Biomedical Device Makers Reshape Heads - and Lives - With Volumetric Software

When defect, deformity, or injury alters cranial bones, surgeons need a unique blend of engineering and artistry to return the human face to its former aesthetics. Advances in volumetric CAD technology are allowing traditional CAD manufacturing principles to meet complex medical modeling needs that formerly couldn’t be handled digitally — like reshaping the human skull. These advances let biomedical engineers digitally sculpt a custom cranial implant or surgical guide with the best fit and function for each patient.

A new breed of rapid-product-development firms provides doctors and patients with such surgical guides and custom implants faster and more cost effectively, thanks to advances in rapid manufacturing techniques and biocompatible materials.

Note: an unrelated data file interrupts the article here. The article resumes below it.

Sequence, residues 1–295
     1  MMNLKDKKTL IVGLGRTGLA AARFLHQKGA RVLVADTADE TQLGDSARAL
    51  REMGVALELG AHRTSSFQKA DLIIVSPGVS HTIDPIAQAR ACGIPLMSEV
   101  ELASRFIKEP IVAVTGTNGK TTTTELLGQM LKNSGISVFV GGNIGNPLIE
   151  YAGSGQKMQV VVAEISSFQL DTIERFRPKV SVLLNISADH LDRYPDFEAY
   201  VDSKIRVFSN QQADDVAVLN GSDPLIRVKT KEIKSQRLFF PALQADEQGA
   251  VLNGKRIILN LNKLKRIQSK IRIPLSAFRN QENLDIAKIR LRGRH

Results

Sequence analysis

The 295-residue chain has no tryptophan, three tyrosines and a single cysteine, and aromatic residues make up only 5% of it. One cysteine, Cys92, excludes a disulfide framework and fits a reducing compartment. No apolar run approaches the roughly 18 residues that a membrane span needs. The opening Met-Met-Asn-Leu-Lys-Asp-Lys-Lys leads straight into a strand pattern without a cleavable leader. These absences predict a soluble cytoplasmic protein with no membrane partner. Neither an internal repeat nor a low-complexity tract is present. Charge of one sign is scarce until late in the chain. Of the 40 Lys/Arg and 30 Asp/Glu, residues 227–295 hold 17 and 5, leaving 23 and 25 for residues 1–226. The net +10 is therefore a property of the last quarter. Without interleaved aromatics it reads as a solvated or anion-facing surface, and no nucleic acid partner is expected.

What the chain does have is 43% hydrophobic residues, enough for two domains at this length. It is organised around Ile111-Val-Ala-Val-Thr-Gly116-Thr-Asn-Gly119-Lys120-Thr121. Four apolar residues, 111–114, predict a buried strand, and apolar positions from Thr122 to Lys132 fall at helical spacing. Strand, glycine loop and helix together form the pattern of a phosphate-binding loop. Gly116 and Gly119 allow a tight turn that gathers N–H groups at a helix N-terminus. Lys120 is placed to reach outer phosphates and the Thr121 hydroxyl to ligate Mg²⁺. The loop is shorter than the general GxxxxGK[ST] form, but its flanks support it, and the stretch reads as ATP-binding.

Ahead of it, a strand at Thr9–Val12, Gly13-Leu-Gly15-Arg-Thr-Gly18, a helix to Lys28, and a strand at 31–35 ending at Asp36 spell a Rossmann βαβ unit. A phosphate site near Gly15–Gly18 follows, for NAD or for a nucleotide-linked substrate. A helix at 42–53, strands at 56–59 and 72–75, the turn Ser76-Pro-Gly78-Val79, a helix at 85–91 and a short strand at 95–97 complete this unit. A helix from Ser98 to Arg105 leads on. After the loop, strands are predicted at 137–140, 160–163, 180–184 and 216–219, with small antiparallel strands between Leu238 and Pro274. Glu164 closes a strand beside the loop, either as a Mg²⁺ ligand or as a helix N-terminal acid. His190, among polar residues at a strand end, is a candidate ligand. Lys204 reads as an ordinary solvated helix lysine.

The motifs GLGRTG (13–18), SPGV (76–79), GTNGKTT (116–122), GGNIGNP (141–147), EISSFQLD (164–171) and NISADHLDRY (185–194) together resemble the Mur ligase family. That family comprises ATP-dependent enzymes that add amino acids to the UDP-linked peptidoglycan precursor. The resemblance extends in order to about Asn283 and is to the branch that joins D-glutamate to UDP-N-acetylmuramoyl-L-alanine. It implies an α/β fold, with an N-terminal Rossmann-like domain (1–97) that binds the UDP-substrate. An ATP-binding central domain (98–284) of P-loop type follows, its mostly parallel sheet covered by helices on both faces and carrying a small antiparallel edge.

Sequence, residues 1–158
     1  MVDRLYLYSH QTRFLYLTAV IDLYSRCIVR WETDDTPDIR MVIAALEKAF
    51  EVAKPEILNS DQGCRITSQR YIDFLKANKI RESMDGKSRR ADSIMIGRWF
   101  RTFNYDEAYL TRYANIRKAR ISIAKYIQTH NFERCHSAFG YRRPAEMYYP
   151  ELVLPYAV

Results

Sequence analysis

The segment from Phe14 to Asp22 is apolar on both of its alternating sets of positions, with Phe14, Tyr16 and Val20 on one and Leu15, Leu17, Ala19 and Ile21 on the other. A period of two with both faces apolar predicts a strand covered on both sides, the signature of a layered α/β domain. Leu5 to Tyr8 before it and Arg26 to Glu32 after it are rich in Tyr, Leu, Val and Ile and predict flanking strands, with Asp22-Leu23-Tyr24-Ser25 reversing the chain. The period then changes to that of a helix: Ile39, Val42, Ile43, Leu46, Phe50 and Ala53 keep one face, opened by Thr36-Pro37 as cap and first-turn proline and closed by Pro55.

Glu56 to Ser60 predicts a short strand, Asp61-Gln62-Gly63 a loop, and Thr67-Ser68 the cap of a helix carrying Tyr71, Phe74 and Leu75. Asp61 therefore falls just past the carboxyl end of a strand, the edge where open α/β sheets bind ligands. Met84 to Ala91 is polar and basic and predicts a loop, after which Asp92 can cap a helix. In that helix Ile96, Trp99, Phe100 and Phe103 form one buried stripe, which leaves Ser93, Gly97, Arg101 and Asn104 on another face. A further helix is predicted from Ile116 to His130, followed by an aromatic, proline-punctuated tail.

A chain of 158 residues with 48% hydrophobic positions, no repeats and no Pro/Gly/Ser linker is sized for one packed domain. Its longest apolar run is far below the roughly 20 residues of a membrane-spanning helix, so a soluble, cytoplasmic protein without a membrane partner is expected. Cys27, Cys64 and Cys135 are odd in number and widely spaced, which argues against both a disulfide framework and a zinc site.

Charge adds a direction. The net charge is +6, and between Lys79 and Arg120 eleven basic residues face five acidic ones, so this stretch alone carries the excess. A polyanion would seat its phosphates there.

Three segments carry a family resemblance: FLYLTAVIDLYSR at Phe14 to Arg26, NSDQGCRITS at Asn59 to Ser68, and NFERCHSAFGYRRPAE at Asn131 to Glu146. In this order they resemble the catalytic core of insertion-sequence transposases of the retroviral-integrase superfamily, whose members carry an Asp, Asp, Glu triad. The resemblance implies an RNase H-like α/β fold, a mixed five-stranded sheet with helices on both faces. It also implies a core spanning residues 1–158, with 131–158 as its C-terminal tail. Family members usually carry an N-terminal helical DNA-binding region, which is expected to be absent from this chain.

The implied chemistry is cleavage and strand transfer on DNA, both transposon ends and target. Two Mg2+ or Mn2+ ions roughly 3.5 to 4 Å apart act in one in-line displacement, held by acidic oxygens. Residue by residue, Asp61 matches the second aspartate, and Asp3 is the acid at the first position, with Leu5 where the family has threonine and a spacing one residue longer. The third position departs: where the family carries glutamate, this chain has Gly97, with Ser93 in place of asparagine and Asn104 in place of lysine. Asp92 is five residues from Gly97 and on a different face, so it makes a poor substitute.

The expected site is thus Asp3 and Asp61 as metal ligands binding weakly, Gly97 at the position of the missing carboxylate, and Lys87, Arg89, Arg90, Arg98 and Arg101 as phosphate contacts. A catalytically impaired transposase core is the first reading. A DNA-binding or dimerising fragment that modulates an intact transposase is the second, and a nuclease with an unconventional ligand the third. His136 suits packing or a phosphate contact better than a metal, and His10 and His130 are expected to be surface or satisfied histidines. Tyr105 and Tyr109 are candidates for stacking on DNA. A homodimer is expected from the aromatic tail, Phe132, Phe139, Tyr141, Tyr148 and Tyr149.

Despite readily available digital medical imaging files such as CT scans and MRIs, patient-specific implants and surgical guides are still primarily made by hand by small labs. Organizations usually can’t support volume demand for digital fabrication devices to justify their cost. Labs cut, grind and manually shape surgical guides and implants that must be iteratively fitted to the patient, despite the fact that there are precise digital files that represent the perfect template for the desired human form. In the case of a cranial implant, time is often of the essence, minimizing the patient’s risk for further injury or infection.

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